Review of It’s a Wonderful Life: A Live Radio Play
By Joe Landry
Directed by Sylvia Jones
For tickets / schedule :
Raven Theater, Windsor

RUN: December 4-20, 2015
RATING: 5 of 5 stars

(December 11, 2015)

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Photo by Ray Mabry

Premiering in 1996 at Stamford Center for the Arts, the play is set in 1946 at a radio studio. What I found innovative was the lack of fourth wall in the production. The sound check was part of the play, and intermission saw the cast interacting as if on a break at the studio, pulling out 1940s magazines to peruse while they waited. For those of my generation, the world of radio drama moved to podcasting, and audio is mixed in post-production with effects added later, pulled from vast internet archives of sound. That was not the case with early radio drama, which relied on instant mixing, such as walking over corn flakes to simulate the sound of snow footsteps. Watching a meticulously attired young lady vigorously pumping a toilet plunger to sound like an icy river is an eye opener for those of us who grew up looking at tracks in Audacity when creating audio drama productions.

This play is riveting from the sheer amount of interaction between characters, since there are two plays happening simultaneously—It’s a Wonderful Life on one hand, and the radio studio on the other. The result is a light hearted version of the tale, with plenty of laughs, while preserving the passionate joy and sorrow of the original story.

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Photo by Ray Mabry

The core message of It’s a Wonderful Life is relevant today; each person has meaning, and without them a gaping hole is left in the world. In the San Francisco Bay area, where the average middle class household cannot afford to buy a house of any size, the Savings and Loan crisis is especially meaningful, and its survival bitter sweet. The play is not heavy-hearted, despite the subject matter. Those of us who listen to old radio plays on a regular basis will find the faux advertisements complete with ridiculous jingles quite hilarious in their delicious accuracy. If you have not had the pleasure of hearing any old fashioned radio drama, I recommend looking up Escape, Bold Venture and X Minus One to get started.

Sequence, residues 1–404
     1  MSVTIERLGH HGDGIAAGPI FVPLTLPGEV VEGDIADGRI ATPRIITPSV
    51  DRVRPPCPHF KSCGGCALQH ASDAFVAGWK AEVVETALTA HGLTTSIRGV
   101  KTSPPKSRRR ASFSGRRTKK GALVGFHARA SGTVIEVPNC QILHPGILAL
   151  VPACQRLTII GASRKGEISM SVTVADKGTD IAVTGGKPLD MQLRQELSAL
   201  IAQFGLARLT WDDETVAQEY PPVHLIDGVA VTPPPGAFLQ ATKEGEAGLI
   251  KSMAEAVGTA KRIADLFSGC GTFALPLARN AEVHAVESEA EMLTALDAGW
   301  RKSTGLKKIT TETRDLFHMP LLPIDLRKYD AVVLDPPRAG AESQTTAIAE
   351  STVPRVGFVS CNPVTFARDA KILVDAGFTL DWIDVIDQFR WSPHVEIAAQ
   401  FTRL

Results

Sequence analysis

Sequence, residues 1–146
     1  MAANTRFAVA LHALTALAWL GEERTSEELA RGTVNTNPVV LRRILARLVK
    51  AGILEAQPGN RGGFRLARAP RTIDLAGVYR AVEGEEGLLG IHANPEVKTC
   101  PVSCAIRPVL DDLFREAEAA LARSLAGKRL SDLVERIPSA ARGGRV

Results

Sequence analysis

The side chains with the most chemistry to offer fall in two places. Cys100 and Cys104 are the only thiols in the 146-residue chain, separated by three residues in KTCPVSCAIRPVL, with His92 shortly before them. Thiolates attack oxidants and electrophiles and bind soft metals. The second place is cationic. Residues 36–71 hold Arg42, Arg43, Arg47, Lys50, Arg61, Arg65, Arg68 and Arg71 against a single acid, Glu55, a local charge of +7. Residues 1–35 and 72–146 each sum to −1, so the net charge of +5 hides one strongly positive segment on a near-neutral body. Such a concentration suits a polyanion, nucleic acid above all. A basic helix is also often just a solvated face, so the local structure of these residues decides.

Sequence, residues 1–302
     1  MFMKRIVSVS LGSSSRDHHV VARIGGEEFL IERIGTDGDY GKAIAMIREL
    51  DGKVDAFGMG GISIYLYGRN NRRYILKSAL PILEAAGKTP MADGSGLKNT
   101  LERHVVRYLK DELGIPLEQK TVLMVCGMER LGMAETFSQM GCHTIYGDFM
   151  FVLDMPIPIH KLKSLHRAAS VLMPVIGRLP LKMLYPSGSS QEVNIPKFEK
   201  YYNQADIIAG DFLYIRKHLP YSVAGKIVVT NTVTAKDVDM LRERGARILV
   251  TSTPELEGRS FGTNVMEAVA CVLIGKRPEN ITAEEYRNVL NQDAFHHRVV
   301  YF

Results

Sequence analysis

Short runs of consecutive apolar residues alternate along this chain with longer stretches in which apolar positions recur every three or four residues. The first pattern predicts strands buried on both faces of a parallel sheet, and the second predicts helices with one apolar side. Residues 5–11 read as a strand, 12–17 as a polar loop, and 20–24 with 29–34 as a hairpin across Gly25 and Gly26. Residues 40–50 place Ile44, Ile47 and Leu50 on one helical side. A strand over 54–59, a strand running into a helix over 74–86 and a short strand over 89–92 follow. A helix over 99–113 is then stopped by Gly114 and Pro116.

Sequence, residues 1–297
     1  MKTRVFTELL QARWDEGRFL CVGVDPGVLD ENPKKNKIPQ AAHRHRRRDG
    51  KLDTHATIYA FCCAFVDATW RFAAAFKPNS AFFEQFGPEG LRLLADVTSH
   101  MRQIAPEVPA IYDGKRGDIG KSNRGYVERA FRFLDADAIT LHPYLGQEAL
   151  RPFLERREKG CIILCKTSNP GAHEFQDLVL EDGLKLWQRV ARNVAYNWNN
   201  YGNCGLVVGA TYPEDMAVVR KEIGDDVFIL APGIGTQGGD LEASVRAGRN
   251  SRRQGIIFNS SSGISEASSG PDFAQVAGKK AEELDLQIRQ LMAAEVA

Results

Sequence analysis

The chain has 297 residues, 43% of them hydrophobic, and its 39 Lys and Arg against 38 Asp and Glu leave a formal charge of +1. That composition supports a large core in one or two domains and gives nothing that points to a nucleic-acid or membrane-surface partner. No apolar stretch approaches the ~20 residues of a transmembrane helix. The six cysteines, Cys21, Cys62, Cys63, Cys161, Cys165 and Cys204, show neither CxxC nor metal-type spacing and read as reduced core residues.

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Photo by Ray Mabry

The cast has quite the challenge, since they are actors portraying actors portraying a wide range of characters. Gregory Skopp as Freddie Filmore astounds with his lightning fast switches between voices and a radio show host whose pompous attitude defies measurement. Matt Farrell stumbles on stage as Harry Heywood, the rather inebriated actor attempting to portray Clarence. He passes out partway through, ignored by his fellow radio actors, who continue their knitting as if nothing had happened. Angela Squire as Lana Sherwood takes her golden age Hollywood starlet act quite seriously, slinking and posing her way through the story.

With this production there are two plays for the price of one, as it were. The radio studio aspect is a fantastic comedy, and their It’s a Wonderful Life is moving and heartfelt. When looking for the perfect holiday play this December, stop by the Raven Theater in Windsor. It’s a Wonderful Life: A Life Radio Play is captivating and fun, infused with genuine holiday spirit.